South Korean court rules in favor of former “comfort women” suing Japan

A South Korean appeals court on Thursday ruled in favor of a group of former “comfort women” seeking compensation from the Japanese government over their treatment in Japanese military brothels during World War II.

The Seoul High Court decision came after a lower court in 2021 dismissed the case on the grounds that South Korea has no jurisdiction over the case due to “sovereign immunity” — a concept under international law that a state is immune from the jurisdiction of a court in another country.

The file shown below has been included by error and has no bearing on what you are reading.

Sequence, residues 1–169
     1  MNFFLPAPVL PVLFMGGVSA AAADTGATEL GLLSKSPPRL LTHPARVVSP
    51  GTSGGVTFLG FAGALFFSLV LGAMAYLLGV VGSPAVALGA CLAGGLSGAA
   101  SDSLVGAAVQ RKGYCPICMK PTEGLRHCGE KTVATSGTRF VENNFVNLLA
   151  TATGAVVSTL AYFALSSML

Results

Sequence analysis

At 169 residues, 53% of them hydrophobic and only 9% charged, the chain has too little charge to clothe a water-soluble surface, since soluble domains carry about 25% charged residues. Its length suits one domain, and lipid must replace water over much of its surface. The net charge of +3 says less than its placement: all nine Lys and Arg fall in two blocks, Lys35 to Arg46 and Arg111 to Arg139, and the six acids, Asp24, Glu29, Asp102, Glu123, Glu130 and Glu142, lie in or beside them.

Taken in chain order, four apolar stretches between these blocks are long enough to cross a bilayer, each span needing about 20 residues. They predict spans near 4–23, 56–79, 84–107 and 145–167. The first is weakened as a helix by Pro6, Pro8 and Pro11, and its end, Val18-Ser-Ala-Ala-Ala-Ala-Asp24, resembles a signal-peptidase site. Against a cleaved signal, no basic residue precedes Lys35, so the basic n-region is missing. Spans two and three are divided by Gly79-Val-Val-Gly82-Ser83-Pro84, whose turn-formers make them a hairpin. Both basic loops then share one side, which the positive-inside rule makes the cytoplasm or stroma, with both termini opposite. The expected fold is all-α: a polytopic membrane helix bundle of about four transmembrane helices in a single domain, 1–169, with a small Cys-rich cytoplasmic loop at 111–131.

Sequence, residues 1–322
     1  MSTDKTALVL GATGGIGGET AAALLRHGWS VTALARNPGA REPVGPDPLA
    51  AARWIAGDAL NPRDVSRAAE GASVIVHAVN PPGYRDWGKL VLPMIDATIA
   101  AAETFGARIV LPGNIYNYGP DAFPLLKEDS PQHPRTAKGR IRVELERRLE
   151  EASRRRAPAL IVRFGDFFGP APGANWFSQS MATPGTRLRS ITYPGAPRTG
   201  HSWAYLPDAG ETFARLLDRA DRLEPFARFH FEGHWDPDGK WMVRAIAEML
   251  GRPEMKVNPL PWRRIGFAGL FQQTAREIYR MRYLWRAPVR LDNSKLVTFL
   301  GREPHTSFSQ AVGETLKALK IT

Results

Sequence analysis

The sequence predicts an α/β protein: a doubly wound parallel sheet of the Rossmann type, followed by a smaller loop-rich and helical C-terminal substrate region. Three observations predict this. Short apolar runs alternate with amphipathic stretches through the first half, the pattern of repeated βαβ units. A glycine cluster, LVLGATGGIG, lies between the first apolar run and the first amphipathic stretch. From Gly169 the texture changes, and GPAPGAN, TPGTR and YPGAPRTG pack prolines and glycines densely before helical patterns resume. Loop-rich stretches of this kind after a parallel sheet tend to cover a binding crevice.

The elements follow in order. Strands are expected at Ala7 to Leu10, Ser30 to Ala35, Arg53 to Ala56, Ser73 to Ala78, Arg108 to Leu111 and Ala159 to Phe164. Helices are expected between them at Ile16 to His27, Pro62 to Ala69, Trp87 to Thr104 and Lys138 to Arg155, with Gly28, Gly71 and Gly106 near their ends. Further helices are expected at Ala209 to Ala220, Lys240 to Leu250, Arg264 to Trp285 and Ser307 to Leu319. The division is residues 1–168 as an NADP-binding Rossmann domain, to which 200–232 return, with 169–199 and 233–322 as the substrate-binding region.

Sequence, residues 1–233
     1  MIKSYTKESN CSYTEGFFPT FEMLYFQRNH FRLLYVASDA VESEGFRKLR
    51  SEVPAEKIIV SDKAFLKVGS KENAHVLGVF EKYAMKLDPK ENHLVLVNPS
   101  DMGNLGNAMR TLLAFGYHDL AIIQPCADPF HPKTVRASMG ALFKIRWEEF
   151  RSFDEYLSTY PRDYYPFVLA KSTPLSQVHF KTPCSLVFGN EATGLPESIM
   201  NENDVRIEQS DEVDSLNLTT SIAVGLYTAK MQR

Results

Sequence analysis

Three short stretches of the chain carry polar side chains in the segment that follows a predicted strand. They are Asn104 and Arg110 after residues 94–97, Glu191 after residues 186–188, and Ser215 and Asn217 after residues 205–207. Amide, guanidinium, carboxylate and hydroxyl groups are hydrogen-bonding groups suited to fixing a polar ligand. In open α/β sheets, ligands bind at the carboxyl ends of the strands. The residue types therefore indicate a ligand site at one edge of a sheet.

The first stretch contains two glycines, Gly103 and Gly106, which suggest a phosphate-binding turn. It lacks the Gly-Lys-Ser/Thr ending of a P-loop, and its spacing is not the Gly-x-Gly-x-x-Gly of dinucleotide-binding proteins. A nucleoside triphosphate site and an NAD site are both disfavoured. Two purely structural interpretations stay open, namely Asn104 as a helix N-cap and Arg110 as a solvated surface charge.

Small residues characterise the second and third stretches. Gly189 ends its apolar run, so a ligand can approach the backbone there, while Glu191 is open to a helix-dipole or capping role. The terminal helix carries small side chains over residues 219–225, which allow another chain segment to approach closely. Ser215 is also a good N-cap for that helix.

The Japanese government declined to be involved in the case and similar lawsuits filed by other groups of South Korean women who claimed to have been forced to work in the military brothels.

Thursday’s ruling came as South Korea-Japan relations have been improving after Seoul pledged to resolve a dispute over alleged forced labor at Japanese firms during Japan’s colonial rule of the Korean Peninsula.

Japan has said all issues stemming from its 1910-1945 colonization of the Korean Peninsula were settled “completely and finally” under a 1965 bilateral agreement and that an accord reached by the two countries in 2015 “finally and irreversibly” resolved the comfort women issue.

By Nadeem Faisal Baiga source kyodo